Retrospective: Software Engineering Summer Internship (2015) at Jeppesen Systems AB in Gothenburg


Jeppesen is a fully owned subsidiary of Boeing, and part of their Digital Aviation business. Concretely, they provide navigational information, crew and fleet management solutions, and offer an industry-leading optimization product. The Gothenburg office started originally as Carmen Systems, which was spun off Chalmers University of Technology. Ties between Chalmers and Jeppesen are still strong. The Gothenburg office of Jeppesen employs around 350 people, of which around 300 are technical staff. Further, there are around 60 contractors in the building.

Jeppesen was not an entirely new entity to me. I had been mentored by one of their managers for about a year, though whom I met several other Jeppesen employees, including a veteran software architect with a very strong technical background, and an experienced software developer. Further, I was one of the winners of a coding competition they held this spring, and one of five students who were invited to what turned out to be an intimate recruiting event, where we were outnumbered by Jeppesen managers and employees. Several managers represented their division, the challenges they are working on, and, of course, the kind of skills they are looking for in future employees. Alas, back then they did not have any openings, but we were told that a number of full-time positions would open up in autumn, and possibly some summer internships as well. Both turned out to be the case.

The interview

I applied for a data processing project with a parallel programming component, which I will detail further below. But before I got to do any work, I had to make it through the interview. Job interviews are often cringe-worthy, particularly the “your greatest weakness”-kind. The interview experience at Jeppesen was distinctly positive, though. The hiring manager briefly came in to shake hands and exchange some niceties, but otherwise, the interview was conducted by two senior engineers. They described the project, how they work, and the technologies they use.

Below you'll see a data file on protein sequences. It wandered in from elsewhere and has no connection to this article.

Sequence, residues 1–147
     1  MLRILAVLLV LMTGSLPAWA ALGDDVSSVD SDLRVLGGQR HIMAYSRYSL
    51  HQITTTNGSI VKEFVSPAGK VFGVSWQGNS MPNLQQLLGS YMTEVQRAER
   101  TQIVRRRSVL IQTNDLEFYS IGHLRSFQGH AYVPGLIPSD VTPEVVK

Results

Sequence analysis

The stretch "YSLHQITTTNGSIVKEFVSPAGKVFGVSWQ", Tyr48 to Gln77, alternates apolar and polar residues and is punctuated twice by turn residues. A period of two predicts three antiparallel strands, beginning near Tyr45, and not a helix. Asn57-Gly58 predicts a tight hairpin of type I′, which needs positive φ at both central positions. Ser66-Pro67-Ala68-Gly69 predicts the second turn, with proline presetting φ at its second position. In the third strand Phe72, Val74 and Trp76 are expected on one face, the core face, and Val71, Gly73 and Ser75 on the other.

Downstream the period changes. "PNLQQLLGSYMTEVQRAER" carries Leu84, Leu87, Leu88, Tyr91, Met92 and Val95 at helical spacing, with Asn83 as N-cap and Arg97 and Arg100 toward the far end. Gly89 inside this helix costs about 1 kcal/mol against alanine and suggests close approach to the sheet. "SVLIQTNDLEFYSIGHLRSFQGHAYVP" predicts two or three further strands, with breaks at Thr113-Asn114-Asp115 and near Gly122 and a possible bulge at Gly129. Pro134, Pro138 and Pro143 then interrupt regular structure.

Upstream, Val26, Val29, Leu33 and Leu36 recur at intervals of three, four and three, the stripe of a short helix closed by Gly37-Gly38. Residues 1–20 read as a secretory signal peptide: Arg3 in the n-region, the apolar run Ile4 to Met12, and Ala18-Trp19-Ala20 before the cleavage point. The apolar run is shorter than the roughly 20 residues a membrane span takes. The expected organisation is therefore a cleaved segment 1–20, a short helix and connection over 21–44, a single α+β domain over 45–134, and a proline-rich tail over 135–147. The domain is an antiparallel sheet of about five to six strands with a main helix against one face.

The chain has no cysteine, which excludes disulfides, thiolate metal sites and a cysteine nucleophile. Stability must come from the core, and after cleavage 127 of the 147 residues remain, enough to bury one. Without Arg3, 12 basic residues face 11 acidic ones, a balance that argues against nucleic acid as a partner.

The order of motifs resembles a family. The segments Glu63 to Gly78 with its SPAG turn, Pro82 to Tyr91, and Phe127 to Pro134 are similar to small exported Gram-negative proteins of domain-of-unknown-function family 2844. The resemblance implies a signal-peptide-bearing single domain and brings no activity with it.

What I greatly appreciated was that they were looking for competence instead of buzzwords. We even talked a bit about the necessary computer science background for their project. It was helpful that I had heard of recursive descent parsing, had written a parser for a subset of C++, or implemented a compiler for a C-like language. Normally, a coding test is also part of the interview process, but I presume this was skipped due to my performance on their recent coding challenge. Still, they asked me a few ‘design’ questions, like how I would approach this or that problem, or pros and cons of concrete approaches to given problems. Thankfully, it was more about how to break down a complex task into manageable subproblems, instead of the dreaded UML and design patterns interview.

The project

Of course I signed and NDA can therefore not be too specific, so I am only going to describe the problem in general terms. Let’s say your software runs on dozens or possibly even hundreds of machines at a customer site. Each copy of the program produces partly unstructured log files, recording all kinds of things. In order to extract useful information from those log files, you have to run a parser that understands the structure of the files, and extracts relevant information, which may be processed further. To make this even more fun, let the client machines run around the clock, and update log files continually. This sounds fairly complicated already. However, keep in mind that you have more than one customer, many more than one parser, and currently you only execute one parser after another in a sequential order via a cron job once a day, for historical reasons, maybe because the programs predate the many-core CPU era.

The goal of the project I was given was to write a framework that parses all log files — think in orders of magnitudes of tens of thousands of files — in pseudo-real time, so that you can extract more useful information from the existing data. For instance, if you take a metric like ‘active instances’ once a day, you’ll learn a lot less than if you are able to update this metric every few minutes.

Concretely, the framework I developed unified the existing parsers for several Jeppesen products. Understanding and modifying existing parsers required a little bit of background in programming languages. This was pretty fun, but the most interesting aspect was trying to find ways to effectively parallelize the execution of the parsers. The hardware at our disposal was pretty decent. Thus, running a single-threaded program on a many-core CPU is a bit of a waste, to put it mildly. My approach was to avoid all shared state. Once this problem was solved, the actual parallelization was easy to achieve. The machine I was mostly working on was an Intel Xeon with 16 cores and over 100 GB RAM, which was far from being the most powerful machine I had access to. Even on that one, we easily hit our performance target.